Second Sunday of Easter
As almost always in the Easter season, the Acts of the Apostles furnishes the Liturgy of the Word with its first reading.
Acts claims to be, and scholars assume it indeed to be, the work of the evangelist who wrote St. Luke’s Gospel. Acts, therefore, may properly be regarded as a continuation of the story presented in Luke’s Gospel. Luke’s Gospel closes with the Ascension of Jesus. Acts then begins at this point.
As it progresses, Acts traces for some years the development of the infant Church, describing the plight and behavior of its first members. It provides a fascinating insight into the formation of the Church’s structure, as well as a powerful lesson in the basic beliefs of the early Christians.
Acts also gives great examples of unqualified faith, and of human ignorance and treachery.
In this weekend’s reading, Acts presents the first members of the Church as being “of one heart and one mind.” Love for, and adherence to the Lord, were central to their lives. They met for the “Breaking of the Bread,” an ancient term for the Eucharist.
Love for others, in the model of Jesus, was more than a platitude or vague ideal. The first Christians assisted the poor so fervently that they sold their property and donated the proceeds to help the needy.
Since Jesus had called the Apostles and had commissioned them to continue the work of salvation, and because the Apostles literally had seen and heard the Risen Lord, not surprisingly, the first Christians revered the Apostles.
The first Epistle of Peter supplies the second reading, defining what being a Christian means.
Through Christ, God has given us a “new birth” and reason for hope. Considering our human limitations, and the consequences of our sins, it is a most wonderful gift.
Each believer, however, must receive and confirm this gift, by loving completely, by trusting and by being faithful to, Jesus.
The epistle is frank. Even many of the first Christians never saw Jesus in the flesh. We have not. We must ask for strong faith.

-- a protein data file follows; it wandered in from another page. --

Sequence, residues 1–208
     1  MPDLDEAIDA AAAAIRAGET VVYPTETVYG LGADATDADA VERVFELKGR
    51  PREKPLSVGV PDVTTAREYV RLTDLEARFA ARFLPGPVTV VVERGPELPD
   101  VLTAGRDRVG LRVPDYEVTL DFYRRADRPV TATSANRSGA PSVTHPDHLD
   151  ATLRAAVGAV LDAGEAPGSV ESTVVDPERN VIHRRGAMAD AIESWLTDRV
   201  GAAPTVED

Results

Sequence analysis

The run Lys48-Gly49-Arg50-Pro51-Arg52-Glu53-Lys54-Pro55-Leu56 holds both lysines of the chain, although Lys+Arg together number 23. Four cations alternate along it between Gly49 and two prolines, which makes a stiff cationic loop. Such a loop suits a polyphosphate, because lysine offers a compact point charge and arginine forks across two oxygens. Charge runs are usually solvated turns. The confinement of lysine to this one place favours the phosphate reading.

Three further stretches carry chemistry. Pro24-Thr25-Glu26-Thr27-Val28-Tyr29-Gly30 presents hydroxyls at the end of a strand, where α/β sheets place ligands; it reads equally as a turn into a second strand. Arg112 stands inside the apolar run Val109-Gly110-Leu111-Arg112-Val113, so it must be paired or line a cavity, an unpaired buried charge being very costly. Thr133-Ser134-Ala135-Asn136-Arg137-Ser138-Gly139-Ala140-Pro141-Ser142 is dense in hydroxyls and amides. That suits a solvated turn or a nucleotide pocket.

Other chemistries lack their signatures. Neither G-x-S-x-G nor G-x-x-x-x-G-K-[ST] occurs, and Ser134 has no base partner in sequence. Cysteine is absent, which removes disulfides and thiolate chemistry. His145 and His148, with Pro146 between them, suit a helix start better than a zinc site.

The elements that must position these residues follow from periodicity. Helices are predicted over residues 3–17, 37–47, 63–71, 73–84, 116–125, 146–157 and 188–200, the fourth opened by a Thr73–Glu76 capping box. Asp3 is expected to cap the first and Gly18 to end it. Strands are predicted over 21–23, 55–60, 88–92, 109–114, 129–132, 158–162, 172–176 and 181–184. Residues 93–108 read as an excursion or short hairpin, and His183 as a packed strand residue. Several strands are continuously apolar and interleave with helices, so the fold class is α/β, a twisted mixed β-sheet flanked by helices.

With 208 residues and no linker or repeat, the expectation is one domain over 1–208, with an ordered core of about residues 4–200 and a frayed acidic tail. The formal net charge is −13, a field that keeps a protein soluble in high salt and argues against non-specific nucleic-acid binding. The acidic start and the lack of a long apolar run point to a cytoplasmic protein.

The Gospel reading for this weekend is from St. John’s Gospel. It is a Resurrection Narrative, a story with which most Christians are quite familiar, recalling the dismay among the followers of Jesus when they found the empty tomb. Where had the body of the Lord been taken?
This reading answers the question. The body of the Lord has been taken nowhere. Jesus lives! The encounter with the doubting, demanding Thomas affirms this fact.
Resurrection from the dead is stunning, but Jesus further acts as God by conferring the very power of the Holy Spirit on the Apostles, granting them the authority to forgive sins. He sends them to the four corners of the world to bring redemption to all humankind.
Passing through locked doors as if they were thin air, Jesus greeted the Apostles with “Peace be with you.” Jesus makes clear that peace only is in God.
This weekend, the Church calls its people to have faith and to rejoice. Resurrection, and redemption in Jesus, refer not to memories of times long ago, but living realities for us to experience here and now.
It is time for us now to find consolation and strength in Jesus, the crucified and risen, living still.
We observe Divine Mercy Sunday on this date. In and through Jesus, the risen, the Son of God, divine mercy is with us. It gives us hope, purpose, and strength.
While sin and human limitation present obstacles, often considerable, in our progress toward God, the Lord left us the Apostles and their successors in the Church. The Lord lives! He lives today, where we are, for us all, and for each of us individually.
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